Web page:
Anderby Marsh Habitat Re-Creation

Through £250,000 of WREN funding the Lincolnshire Wildlife Trust wishes to purchase 23.7ha forming a strip of land between the sand dunes and the Old Sea Bank south of Anderby Creek on the Lincolnshire Coast.  The land was previously permanent grassland but was ploughed a few years ago.  The intention is to return the land to wet grassland and ultimately to create wetland features and reedbeds by excavation.  The WREN grant will be used to facilitate the land purchase only. 

This will be the initial project within the Lincolnshire Coastal Country Park - a proposal supported by eight partner organisations to improve access and wildlife habitats along 5km of the coast between Sandilands and Chapel St Leonards. The main purpose of this project would be to provide a reservoir sanctuary to enhance the wildlife of the whole of the outmarsh and the coastal country park area.  This project will make a significant contribution towards the development of 1.2km of continuous quality habitat from Anderby Creek to Chapel Pit reserve, and will provide the biodiversity-rich core of the coastal country park.

Habitat re-creation will be undertaken over a number of years in a steady step by step manner, allowing re-wetting and natural regeneration to occur before deciding whether to excavate part of the field to create a large water body.

Existing drainage ditches will be blocked  to raise water levels using five dam boards.  This will raise water in the drain by about 60cm, and will be carried out by Lindsey Marsh Internal Drainage Board, one of the partner organisations.  The site will be fenced, seeded with a non-aggressive grass ley which will permit invasion of wetland species, and grazed for approximately 5 years. During this period regular ecological surveys will be undertaken to monitor the change in flora.  It is anticipated that wet grassland, marsh and significant change in the ditch flora can be achieved during this period.  The southern part of the site will be the wettest and it is anticipated that reedbed encroachment will occur from the adjacent Wolla Bank Reedbed.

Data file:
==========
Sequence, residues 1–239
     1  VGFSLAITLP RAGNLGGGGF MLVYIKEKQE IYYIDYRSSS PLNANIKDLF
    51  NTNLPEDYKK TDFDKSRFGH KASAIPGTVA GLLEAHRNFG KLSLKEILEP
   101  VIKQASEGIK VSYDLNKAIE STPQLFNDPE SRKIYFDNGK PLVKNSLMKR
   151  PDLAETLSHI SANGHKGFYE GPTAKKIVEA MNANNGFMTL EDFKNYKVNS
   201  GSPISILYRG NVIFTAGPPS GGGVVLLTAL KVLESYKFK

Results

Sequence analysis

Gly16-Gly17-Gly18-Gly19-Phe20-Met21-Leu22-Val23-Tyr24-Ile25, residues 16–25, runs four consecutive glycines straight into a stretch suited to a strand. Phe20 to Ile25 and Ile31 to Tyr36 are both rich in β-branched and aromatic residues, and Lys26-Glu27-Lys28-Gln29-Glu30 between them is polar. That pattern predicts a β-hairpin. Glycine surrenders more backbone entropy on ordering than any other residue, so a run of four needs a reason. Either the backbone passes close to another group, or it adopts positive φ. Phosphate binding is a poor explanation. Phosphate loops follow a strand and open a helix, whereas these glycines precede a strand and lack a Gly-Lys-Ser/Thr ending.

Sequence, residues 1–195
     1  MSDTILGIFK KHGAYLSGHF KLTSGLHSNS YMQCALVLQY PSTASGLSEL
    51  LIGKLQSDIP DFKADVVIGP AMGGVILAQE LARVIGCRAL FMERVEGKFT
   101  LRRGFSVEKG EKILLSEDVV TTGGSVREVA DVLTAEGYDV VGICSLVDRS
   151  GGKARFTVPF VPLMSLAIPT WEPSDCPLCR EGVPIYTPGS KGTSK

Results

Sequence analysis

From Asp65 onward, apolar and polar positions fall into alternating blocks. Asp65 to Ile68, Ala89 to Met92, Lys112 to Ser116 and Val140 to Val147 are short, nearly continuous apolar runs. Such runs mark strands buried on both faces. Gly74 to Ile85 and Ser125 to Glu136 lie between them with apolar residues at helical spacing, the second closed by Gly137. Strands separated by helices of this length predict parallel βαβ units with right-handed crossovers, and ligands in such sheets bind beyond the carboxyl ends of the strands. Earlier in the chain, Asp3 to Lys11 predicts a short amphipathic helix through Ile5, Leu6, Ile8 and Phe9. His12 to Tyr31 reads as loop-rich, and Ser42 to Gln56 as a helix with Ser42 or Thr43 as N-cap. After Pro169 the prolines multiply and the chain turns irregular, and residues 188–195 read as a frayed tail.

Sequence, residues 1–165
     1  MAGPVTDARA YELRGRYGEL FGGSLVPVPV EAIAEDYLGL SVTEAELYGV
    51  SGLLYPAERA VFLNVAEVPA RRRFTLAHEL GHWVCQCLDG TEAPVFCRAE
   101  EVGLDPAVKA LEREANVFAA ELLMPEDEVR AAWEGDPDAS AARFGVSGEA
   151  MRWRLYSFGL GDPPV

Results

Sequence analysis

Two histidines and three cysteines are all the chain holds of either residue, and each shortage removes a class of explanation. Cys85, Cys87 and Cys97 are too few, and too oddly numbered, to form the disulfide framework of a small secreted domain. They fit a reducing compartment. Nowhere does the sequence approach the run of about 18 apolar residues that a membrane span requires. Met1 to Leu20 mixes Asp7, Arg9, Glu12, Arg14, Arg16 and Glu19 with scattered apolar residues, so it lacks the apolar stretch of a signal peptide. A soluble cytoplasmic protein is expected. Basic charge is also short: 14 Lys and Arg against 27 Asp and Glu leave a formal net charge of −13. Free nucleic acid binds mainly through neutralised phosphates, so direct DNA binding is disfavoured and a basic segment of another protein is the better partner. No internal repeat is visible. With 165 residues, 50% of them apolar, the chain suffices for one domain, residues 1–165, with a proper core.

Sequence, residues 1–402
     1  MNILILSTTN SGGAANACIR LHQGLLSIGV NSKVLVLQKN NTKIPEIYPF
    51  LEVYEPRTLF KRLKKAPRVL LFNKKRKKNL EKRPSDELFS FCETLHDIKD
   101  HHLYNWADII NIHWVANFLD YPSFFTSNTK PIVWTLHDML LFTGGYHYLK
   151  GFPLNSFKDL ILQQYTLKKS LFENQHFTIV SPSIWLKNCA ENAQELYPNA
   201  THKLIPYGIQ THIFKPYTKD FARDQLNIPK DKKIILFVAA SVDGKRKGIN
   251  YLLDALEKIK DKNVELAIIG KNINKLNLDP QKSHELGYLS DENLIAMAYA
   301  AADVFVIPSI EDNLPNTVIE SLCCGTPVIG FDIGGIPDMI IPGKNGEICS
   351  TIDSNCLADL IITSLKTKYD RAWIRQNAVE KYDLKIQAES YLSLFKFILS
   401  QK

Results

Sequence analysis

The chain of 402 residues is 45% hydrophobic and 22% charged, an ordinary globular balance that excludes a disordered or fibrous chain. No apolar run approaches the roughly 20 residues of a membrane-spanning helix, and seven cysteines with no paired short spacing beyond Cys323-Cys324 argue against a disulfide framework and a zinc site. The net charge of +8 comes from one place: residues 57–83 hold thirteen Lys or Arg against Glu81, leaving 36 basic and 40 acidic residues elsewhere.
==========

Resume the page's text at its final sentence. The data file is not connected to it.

To the east of the site is the disused sewage works area containing a mosaic of mature dune habitats with scrub and dune slack pools.  This area and the existing small brackish water bodies on the site will provide sources of wetland species to invade the site.

Ultimately the project area will be able to support a range of wetland habitats - open water, marsh, reedbed and wet grassland, brackish water bodies.  It is expected to support a wide range of reedbed, aquatic and marsh birds which already breed nearby including waders, bittern, little egret, Bewick's swan, Slavonian, great crested, little and red-necked grebes, bearded tit, reed, sedge and grasshopper warblers and raptors including marsh harrier and short eared owl.  Rare migrants recorded on adjacent reserve sites have included spoonbill, great reed warbler, little bittern, white winged black tern.  Otters formerly visited the adjacent Wolla Bank pit and may re-colonise the area.


Following the acquisition of the fields in September 2009, through the WREN grant, it has proved to be the catalyst for considerable habitat improvements to a 2.2 km stretch of coast, an integral and key part of the Coastal Country Park.

For more information about Lincolnshire Wildlife Trust and their activities click here or follow on twitter @LincsWildlife

Project Details

National (EP)
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Sep 23, 2009
Sep 25, 2009
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Grant Information

FCC Biodiversity Action Fund
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